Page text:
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WHO WINS MISS BURTON"?

THE DUBLIN CASTLE OF TO-DAY.

ENGLISH DOCTORS ABROAD.

FROM FERNANDO PO.

[No title]

' THOSE " DUPPIES."

SIR ROBERT GIFFEN.

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SIR ROBERT GIFFEN. Sir Robert Giffen is about to retire from the dis- tinguished position in the department of the Board of Trade which he has occupied for many years to the great advantage of the public service. The with- drawal of so eminent an authority on public economy and statistics from the direct service of the State must in any case (remarks The Times) be a matter for sincere regret. But in Sir Robert Giffen's case this reeret is tempered by the consideration that be retires at a time of life and in circumstances which will enable him, we trust for many years to come, still to employ his great powers of analysis and ex- position for the benefit and instruction of his countrymen, though not in an official capacity. Sir Robert Giffen has reached the age at which retirement from the Civil Service is permissive but not compulsory. It has been his privilege to occupy at the Board of Trade a position peculiarly congenial to the native bent of his mind and to the studies in economy, statistics, and finance in which he has gained such high distinction. But his important and varied achievements in an in- dependent and unofficial career suffice to show that in entering the service of the Board of Trade he gave up to a public office not a little that was really meant for mankind. In the full maturity of powers still unimpaired, though perhaps requiring greater leisure than heretofore for their exercise, he now re- sumes a position of greater freedom-we can hardly add of less responsibility for a publicist of his eminence cannot but foel that he owes a responsibility to the tribunal of sound thinking and right reason quite as great, though not exactly the same, as that which wns imposed on him by the restraints of a public office. In such circumstances, though the public service may lose, the public at large will gain. The Department over which Sir Robert Giffen has presided at the Board of Trade will still in a large measure be guided by his methods and example. But his vigorous and incisive pen will henceforth be available for the unfettered discussion of the many topics of which he is an acknowledged master. Few of his contemporaries can speak with an authority greater than his on the larger issues involved in those economical and financial problems which lesser men are so ready to solve by the too facile nostrum of the moment. A pupil of Bagehot's and imbued with the broad catholic and judicial temper of his master, Sir Robert Giffen is at once a fearless thinker, a formidable critic, and a large minded exponent of sound economical doctrine. We have not always found ourselves able to agree with him on all points, and, in particular, we have dissented strongly from his treatment of the financial aspects of the Irish question. But, just as Carlyle spoke of himself and Mill as "except in opinion not disagreeing," so we may say of Sir Robert Giffen's treatment of public questions in their economical and financial aspects that, though we may not always share his opinions or accept his conclusions, we cordially welcome the prospect afforded by his retirement of his alliance in the de- fence of many causes which we hold not less dear than he does.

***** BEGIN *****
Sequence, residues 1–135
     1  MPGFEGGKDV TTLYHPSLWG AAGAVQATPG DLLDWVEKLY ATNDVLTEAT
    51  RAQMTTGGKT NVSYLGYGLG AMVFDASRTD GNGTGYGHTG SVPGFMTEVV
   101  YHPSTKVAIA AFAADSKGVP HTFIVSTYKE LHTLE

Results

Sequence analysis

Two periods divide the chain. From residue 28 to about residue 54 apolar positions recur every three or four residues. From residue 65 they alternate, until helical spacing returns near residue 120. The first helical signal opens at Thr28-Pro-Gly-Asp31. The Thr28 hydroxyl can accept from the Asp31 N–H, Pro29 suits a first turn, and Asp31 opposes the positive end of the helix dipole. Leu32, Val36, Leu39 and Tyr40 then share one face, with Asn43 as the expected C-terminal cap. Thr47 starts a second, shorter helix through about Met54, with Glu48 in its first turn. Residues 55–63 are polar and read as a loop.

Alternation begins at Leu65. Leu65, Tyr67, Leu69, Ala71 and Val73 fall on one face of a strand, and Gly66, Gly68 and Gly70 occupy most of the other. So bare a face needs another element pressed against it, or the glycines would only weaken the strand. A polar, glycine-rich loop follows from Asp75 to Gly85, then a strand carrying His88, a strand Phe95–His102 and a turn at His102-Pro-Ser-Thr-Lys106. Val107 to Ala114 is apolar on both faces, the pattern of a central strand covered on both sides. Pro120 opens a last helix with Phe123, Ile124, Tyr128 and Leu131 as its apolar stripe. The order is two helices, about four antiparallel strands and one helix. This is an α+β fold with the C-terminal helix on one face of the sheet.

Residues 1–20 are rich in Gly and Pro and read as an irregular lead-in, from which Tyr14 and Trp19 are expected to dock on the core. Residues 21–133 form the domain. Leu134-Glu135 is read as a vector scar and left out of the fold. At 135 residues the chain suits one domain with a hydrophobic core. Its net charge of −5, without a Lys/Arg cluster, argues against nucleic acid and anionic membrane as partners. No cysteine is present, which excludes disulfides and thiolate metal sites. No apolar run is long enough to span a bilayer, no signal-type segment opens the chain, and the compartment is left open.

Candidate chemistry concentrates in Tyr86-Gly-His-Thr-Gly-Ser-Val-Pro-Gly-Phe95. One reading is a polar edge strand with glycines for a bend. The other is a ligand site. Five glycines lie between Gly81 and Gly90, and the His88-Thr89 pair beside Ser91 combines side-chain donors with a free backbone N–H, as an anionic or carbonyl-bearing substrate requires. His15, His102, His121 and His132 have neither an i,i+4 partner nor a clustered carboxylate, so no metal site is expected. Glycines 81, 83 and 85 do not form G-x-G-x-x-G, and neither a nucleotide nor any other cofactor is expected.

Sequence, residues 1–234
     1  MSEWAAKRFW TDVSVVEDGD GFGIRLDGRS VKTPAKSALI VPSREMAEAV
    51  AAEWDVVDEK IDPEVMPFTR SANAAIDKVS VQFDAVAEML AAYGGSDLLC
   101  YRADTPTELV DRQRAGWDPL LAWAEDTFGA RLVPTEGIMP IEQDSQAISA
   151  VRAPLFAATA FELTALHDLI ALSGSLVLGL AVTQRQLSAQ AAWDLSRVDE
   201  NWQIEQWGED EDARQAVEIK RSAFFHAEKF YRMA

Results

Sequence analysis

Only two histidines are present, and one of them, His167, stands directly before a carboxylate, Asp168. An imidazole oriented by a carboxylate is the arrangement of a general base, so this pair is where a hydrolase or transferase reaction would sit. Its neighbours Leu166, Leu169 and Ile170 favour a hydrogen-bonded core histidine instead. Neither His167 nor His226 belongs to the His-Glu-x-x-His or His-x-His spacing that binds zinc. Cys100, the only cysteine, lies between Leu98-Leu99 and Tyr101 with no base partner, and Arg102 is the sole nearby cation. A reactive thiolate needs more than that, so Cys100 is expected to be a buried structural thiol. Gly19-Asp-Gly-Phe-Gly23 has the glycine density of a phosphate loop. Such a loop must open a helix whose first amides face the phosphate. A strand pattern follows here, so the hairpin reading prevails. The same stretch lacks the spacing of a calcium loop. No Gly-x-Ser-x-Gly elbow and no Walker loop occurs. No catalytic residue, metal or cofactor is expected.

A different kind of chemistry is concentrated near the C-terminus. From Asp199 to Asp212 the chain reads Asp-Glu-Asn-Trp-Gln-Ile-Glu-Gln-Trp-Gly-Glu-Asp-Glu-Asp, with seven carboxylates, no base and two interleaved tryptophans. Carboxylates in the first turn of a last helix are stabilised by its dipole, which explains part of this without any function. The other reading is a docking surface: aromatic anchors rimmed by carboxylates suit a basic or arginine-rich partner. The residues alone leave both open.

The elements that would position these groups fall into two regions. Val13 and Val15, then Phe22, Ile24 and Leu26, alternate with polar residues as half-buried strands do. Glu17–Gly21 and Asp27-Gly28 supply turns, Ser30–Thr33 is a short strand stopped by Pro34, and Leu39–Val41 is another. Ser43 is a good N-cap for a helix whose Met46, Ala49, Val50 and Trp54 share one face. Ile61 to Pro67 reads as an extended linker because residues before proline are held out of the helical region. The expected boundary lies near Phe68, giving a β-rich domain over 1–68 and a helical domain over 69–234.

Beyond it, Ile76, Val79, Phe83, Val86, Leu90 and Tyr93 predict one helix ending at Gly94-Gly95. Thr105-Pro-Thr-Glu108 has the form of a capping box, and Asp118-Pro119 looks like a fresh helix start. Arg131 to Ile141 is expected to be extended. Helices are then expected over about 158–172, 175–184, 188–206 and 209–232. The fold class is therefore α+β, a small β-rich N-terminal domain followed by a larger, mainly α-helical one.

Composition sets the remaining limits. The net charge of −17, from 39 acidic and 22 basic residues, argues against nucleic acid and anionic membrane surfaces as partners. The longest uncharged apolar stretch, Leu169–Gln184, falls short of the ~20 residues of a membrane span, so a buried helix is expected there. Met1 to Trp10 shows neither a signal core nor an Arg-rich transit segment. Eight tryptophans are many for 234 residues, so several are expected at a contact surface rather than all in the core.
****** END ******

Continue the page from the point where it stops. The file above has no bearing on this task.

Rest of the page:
I ISTRANGE DEATH.

A COSTLY WHIM.

LUCKY NON-JURYMEN.

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NEWS NOTES. -

A GOOD WORD FOR TRICYCLES.

PROFESSIONAL FINDERS.

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GARDENING GOSSIP.